Most people will receive a negative result, meaning no mutations associated with the disorders included in the testing panel were found in the genes analyzed. While this can be reassuring, it does not mean that you are risk-free. Genetics is just one piece of the puzzle — things like lifestyle and environment can also impact risk — so it is important to follow the healthcare plan recommended by your provider.
Your test could find variants of uncertain significance, which is normal. It is common to see changes in genes that require further research to determine if they are associated with an increased risk for developing a disorder. Most are eventually found to be harmless.
With all this said, it is important to remember no genetic test detects everything. It is possible that some types of genetic changes, which increase the chance of a disease or disorder, will not be detected by genetic testing. Genetic scientists are making more and more discoveries as the field evolves and companies like Color consider those developments when updating their products.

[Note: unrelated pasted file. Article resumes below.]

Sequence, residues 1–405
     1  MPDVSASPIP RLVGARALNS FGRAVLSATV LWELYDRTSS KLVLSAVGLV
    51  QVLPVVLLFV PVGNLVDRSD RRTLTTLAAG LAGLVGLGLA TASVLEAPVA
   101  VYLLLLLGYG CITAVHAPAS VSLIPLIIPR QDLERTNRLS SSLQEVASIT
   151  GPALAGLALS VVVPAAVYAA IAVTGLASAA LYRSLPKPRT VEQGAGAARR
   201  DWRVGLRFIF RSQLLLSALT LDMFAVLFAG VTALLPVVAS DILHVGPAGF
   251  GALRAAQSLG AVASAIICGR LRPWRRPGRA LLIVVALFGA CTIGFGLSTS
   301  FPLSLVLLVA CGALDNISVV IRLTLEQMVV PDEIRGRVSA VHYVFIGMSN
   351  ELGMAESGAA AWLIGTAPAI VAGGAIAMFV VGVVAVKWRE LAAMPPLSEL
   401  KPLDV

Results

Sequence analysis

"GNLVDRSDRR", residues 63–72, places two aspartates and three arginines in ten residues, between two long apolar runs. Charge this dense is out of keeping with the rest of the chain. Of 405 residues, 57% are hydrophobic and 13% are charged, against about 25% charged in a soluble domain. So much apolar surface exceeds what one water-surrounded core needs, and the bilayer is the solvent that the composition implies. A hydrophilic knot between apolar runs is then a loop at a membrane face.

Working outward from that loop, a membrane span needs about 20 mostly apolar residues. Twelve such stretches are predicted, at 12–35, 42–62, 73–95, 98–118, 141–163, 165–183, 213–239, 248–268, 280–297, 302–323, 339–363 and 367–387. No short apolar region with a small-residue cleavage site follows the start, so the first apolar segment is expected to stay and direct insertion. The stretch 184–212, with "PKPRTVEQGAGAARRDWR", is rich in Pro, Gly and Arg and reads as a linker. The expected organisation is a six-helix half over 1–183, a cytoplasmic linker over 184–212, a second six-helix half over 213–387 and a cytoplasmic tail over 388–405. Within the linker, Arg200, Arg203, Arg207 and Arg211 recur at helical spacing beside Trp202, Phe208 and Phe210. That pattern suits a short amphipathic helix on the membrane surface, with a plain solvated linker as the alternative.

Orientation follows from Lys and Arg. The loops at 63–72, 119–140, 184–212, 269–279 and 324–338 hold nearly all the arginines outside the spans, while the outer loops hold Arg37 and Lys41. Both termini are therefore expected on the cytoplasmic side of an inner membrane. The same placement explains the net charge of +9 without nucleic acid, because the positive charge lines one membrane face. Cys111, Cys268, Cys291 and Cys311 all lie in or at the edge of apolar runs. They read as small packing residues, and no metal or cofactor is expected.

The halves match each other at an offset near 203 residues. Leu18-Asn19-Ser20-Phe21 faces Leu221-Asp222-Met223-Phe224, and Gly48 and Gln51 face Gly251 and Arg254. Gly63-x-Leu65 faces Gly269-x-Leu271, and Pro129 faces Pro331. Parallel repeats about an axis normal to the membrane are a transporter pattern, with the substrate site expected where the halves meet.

What am I supposed to do with my genetic test results?
Receiving your results is just the beginning! Genetic counseling is also an important next step: genetic counselors do the valuable work of helping to make sense of your unique results and reviewing possible next steps. Regardless of the type of results you receive, we recommend that you share them with your healthcare provider, who can then help create a personalized healthcare plan..
Your results could also be useful to your direct relatives since they share your DNA. Consider sharing your results, as testing may be useful for them as well. Keep in mind your results are unique to you and even if you don’t have a mutation, your relatives may.
For more information about genetic testing, you can find a genetic counselor in your ZIP code by searching at www.findageneticcounselor.com or you can speak to one of Color’s board-certified genetic counselors at 844–352–6567 or email@example.com.
Color is the leader in delivering precision healthcare through cutting-edge technology. Color makes data-driven health programs such as clinical genetics accessible, convenient, and cost-effective for everyone. Color partners with leading health systems, premier employers, and national health initiatives around the world including the million-person All of Us program by the National Institutes of Health. For more information about Color, visit www.color.com